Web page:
Giving this pro se complaint a liberal construction, the court could construe the plaintiff's complaint as an attempt to state a claim against Metro Government. However, while Metro Government is a suable entity, it is responsible under § 1983 only for its "own illegal acts. [It is] not vicariously liable under § 1983 for [its] employees' actions." Connick v. Thompson, ___ U.S. ___, 131 S.Ct. 1350, 1359, 179 L.Ed.2d 417 (2011) (internal citations and quotation marks omitted). A municipality may be liable under § 1983 "only if the challenged conduct occurs pursuant to a municipality's official policy, ' such that the municipality's promulgation or adoption of the policy can be said to have cause[d]' one of its employees to violate the plaintiff's constitutional rights." D'Ambrosio v. Marino, 747 F.3d 378, 386 (6th Cir. 2014) (quoting Monell v. Dep't of Soc. Servs., 436 U.S. 658, 692, 98 S.Ct. 2018, 56 L.Ed.2d 611 (1978)).

"Official municipal policy includes the decisions of a government's lawmakers, the acts of its policymaking officials, and practices so persistent and widespread as to practically have the force of law." Connick, 131 S.Ct. at 1359. Thus, to state a municipal liability claim, a plaintiff must adequately allege "(1) the existence of an illegal official policy or legislative enactment; (2) that an official with final decision making authority ratified illegal actions; (3) the existence of a policy of inadequate training or supervision; or (4) the existence of a custom of tolerance [of] or acquiescence [to] federal rights violations." Burgess v. Fischer, 735 F.3d 462, 478 (6th Cir. 2013).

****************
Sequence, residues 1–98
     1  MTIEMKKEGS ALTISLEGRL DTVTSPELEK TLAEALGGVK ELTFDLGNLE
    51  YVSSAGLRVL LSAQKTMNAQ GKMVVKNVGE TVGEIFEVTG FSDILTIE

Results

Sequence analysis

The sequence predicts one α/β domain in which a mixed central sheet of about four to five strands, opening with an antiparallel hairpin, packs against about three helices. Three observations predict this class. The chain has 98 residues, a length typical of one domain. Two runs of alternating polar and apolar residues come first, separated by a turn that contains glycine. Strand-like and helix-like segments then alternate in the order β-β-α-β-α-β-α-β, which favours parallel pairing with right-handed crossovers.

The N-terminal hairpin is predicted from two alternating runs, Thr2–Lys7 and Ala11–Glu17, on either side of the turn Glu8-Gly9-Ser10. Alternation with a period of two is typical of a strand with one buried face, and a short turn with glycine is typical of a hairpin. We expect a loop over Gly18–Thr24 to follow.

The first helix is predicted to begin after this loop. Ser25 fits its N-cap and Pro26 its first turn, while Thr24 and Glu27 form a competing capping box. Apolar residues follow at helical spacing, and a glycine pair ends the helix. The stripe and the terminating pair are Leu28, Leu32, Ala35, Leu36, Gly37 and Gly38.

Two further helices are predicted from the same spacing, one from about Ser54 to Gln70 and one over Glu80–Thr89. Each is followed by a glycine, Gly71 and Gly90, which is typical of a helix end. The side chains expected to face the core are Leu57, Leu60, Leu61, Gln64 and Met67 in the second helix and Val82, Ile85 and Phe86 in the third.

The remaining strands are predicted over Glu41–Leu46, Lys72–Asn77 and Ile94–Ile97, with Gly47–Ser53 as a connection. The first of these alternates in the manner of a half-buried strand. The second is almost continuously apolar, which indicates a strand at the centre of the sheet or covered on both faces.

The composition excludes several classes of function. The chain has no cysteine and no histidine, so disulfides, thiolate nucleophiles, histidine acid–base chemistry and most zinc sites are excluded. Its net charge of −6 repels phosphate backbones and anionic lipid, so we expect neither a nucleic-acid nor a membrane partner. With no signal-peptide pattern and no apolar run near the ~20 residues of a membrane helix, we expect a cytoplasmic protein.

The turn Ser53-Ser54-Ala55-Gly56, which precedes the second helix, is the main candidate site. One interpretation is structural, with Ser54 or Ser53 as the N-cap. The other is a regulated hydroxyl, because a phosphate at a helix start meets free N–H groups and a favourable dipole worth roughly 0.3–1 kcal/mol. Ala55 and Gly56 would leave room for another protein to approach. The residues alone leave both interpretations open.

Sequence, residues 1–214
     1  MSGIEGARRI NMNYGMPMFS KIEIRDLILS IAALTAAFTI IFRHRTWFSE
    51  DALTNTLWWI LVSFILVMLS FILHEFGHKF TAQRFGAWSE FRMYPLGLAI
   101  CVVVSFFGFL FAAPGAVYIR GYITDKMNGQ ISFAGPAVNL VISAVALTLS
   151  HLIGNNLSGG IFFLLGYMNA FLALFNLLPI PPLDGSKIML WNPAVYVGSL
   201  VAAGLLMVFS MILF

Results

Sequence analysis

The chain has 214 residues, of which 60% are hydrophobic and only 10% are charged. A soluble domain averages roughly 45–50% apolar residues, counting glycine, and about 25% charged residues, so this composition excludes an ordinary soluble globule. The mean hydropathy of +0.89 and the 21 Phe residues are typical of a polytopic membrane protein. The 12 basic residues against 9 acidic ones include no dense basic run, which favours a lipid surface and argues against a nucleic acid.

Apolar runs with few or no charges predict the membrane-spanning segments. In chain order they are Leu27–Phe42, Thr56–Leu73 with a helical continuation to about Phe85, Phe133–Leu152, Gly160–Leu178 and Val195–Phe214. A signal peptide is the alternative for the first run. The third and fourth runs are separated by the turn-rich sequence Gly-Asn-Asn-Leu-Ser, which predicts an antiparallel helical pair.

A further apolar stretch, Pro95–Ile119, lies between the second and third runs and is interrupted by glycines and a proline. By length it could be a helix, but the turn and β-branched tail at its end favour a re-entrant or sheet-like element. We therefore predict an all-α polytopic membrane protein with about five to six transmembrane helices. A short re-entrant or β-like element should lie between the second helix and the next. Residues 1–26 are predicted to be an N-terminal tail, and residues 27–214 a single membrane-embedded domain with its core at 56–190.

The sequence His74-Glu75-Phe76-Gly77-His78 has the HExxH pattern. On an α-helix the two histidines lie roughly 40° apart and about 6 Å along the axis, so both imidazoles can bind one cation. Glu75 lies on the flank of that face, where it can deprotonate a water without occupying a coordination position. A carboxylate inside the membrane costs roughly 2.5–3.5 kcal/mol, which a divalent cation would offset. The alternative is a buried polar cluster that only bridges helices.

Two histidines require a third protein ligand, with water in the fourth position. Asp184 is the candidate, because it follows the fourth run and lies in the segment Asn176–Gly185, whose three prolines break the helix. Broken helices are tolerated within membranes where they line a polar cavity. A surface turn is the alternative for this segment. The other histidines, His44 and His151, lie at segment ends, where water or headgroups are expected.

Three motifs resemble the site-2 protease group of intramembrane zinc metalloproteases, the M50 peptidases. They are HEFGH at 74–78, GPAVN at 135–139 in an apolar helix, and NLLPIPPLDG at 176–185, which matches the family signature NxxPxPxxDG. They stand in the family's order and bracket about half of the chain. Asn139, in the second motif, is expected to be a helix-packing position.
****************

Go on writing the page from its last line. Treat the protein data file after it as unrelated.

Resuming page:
Construing the pro se plaintiff's allegations liberally, the complaint alleges the existence of official policies adopted by Metro Government that caused or contributed to the harm alleged by the plaintiff. Thus, for now, Metro Government will remain as a defendant in this action.

B. Verbal abuse claims

Abdulkarim contends that defendants Brickman and Molding taunted or verbally abused him. However, it is well established that verbal harassment or abuse-standing alone-is not sufficient to state a constitutional deprivation under section 1983 . Gibson v. Cox, 711 F.Supp. 354, 355 (E.D. Mich. 1989) (citing Oltarzewski v. Ruggiero, 830 F.2d 136 (9th Cir.1987); Hikel v. King, 659 F.Supp. 337 (E.D. N.Y.1987); Zeno v. Cropper, 650 F.Supp. 138 (S.D. N.Y.1986); Freeman v. Trudell, 497 F.Supp. 481 (E.D. Mich.1980)). Thus, the plaintiff cannot recover on claims of verbal abuse.

C. Section 1983 official capacity claims for monetary damages